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September 02, 2004

Intergulf Cidex

has big plans for old Westgate Hotel site

Debbie Elicksen

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Having lived on the west side of town for several years, Abed Itani, president of Intergulf Cidex, saw the value in the property surrounding the Westgate Hotel immediately.

“I drive by that site almost every day and I’ve always liked that location. Then an opportunity came to us through a third party and I was asked if I was interested in doing some kind of partnership. We looked at the site and had a vision of what it could be. The other partner wanted to keep the hotel, but we didn’t see any value in that. I gave them an offer to purchase the whole thing, and they accepted.”

Intergulf then pursued the rezoning process, as 25 per cent of the land was to be designated for commercial retail. “That’s why it took so long to get it going,” says Itani. “Otherwise, we could have started after five or six weeks.

“We wanted to do something that would help the community without the hotel being vacant. So we talked to Inn From the Cold, an organization that helps homeless families find accommodation. They had all these families scattered throughout the city in houses, basements, and churches.”

The government, City of Calgary, and other agencies partnered with Intergulf and Inn From the Cold to turn the Westgate Hotel into a temporary home for 21 families.

“We donated the hotel for use during the winter months,” says Itani. Intergulf also donated the furniture from the suites to the families.

“The challenge was I had lots of people interested in the hotel. Financially, it would have been better if I rented it out. I had some very good offers. However, regardless of what you did, you had to open the bar. This is where the cash flow would come from, not the homes themselves. I wanted to make sure the surrounding community knew we were against that. It wasn’t the financial worth we were looking at. It was something to show the good faith of our company.”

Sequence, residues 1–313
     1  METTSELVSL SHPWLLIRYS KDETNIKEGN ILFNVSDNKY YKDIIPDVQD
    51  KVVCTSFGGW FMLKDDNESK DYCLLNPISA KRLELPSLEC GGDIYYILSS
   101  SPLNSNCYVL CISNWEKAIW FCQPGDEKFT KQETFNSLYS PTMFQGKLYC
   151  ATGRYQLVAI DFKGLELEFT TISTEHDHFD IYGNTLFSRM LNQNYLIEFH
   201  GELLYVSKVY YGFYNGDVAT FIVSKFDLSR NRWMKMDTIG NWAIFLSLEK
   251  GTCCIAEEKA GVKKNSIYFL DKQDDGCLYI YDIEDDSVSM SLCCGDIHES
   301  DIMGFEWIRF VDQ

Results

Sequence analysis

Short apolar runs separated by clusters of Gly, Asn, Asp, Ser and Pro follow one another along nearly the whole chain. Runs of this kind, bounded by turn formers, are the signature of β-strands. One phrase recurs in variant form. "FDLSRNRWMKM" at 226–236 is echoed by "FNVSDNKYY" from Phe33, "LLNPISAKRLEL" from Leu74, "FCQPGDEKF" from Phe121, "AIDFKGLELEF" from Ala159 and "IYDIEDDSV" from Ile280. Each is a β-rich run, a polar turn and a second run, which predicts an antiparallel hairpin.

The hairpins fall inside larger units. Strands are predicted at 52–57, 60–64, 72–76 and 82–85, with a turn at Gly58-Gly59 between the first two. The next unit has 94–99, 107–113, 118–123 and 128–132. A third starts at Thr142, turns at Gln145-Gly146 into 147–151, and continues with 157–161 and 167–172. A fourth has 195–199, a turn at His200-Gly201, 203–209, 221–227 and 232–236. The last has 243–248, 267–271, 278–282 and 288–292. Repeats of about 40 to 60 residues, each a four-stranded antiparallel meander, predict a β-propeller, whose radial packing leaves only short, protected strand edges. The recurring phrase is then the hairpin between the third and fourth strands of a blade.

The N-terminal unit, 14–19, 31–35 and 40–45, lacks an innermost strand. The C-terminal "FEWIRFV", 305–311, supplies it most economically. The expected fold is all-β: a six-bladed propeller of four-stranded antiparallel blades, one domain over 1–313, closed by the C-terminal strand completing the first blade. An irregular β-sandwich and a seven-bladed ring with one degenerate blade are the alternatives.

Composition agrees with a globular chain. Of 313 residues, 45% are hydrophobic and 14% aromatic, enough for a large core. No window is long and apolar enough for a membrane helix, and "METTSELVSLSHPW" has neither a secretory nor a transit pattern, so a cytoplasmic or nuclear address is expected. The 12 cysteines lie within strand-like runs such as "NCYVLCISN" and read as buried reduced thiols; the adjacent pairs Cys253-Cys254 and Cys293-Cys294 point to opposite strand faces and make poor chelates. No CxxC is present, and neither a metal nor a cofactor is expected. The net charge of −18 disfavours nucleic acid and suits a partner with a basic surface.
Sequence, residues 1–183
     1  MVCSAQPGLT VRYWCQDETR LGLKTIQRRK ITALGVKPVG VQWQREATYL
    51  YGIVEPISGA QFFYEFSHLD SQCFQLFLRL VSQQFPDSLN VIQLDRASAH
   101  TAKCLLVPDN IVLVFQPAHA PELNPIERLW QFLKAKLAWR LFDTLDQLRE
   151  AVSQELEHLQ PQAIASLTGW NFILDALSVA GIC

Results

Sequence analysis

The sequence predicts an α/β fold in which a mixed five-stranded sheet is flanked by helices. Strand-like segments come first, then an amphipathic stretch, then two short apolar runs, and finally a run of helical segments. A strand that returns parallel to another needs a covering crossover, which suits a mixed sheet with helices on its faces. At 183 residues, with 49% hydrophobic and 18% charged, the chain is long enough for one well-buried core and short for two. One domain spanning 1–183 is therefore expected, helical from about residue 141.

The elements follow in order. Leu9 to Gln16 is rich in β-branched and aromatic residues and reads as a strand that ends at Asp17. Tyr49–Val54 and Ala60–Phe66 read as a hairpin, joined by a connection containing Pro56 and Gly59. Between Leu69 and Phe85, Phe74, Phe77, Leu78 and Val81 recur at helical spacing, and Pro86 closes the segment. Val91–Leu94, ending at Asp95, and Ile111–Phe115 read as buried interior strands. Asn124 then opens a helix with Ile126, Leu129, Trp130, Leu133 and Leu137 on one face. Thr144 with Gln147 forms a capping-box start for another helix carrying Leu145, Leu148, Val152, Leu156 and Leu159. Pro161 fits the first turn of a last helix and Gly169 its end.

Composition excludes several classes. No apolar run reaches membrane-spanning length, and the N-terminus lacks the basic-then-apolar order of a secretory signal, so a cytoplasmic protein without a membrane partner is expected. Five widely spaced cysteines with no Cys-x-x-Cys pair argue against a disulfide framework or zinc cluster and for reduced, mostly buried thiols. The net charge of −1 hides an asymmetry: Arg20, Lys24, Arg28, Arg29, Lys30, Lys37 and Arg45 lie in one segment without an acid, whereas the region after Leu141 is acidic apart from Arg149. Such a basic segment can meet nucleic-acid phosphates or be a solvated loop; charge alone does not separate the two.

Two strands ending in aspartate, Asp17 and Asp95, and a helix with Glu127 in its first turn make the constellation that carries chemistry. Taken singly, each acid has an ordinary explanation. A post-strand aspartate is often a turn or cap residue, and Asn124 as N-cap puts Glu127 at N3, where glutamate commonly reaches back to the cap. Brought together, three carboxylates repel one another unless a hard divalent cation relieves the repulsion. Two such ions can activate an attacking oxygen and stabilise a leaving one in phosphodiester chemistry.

Steff Stephansson, past president of Inn From the Cold reported the hotel wasn’t just a place; it was a group of agencies working together. “We all came together and made it work in a very short time frame. It was a unique and unusual opportunity. 
“Many of our families come from pretty desperate situations. For example, a wage earner loses a job, there isn’t enough food, and the family is evicted because they can’t come up with the rent. They don’t have enough for a security deposit and are going from having a roof to living without one, literally overnight. Families need time to reassess where they are. It can be pretty rough when rental accommodation is high and you can only get part time work. Some families come here from other centres thinking it was the land of milk and honey. They may not have the skills to get a job.”

All the families have since been relocated, while Itani continues to make progress on the planned condominium development.

“This site itself is very unique,” he says. “It’s very highly exposed. It’s on a main thoroughfare – Bow Trail – a very high volume traffic area with a shopping mall across the street and a golf course on the other side. It’s a little island of real estate that you can develop into a really nice neighborhood, a destination high-rise community.

“It’s going to bring lots of value to that community. These buildings are going to be quite visible. The architect came up with the idea of having the three towers. The way they are positioned, each has a clear view on all sides. One doesn’t obstruct the other. Besides a full amenity building, there will be a two-level underground parkade of over 900 parking stalls. The remaining property will be landscaped with park and walking areas with a Plus 15 overpass joining up to the shopping center.” 

The project will be erected in three phases, with pre-sales starting sometime around October. The development itself will take anywhere from four to six years to complete.

In the meantime, Itani stays in touch with some of the family members from the hotel. “We’re part of the community. We’re part of the society. We should help each other. You can’t just take. You have to give back sometimes.”

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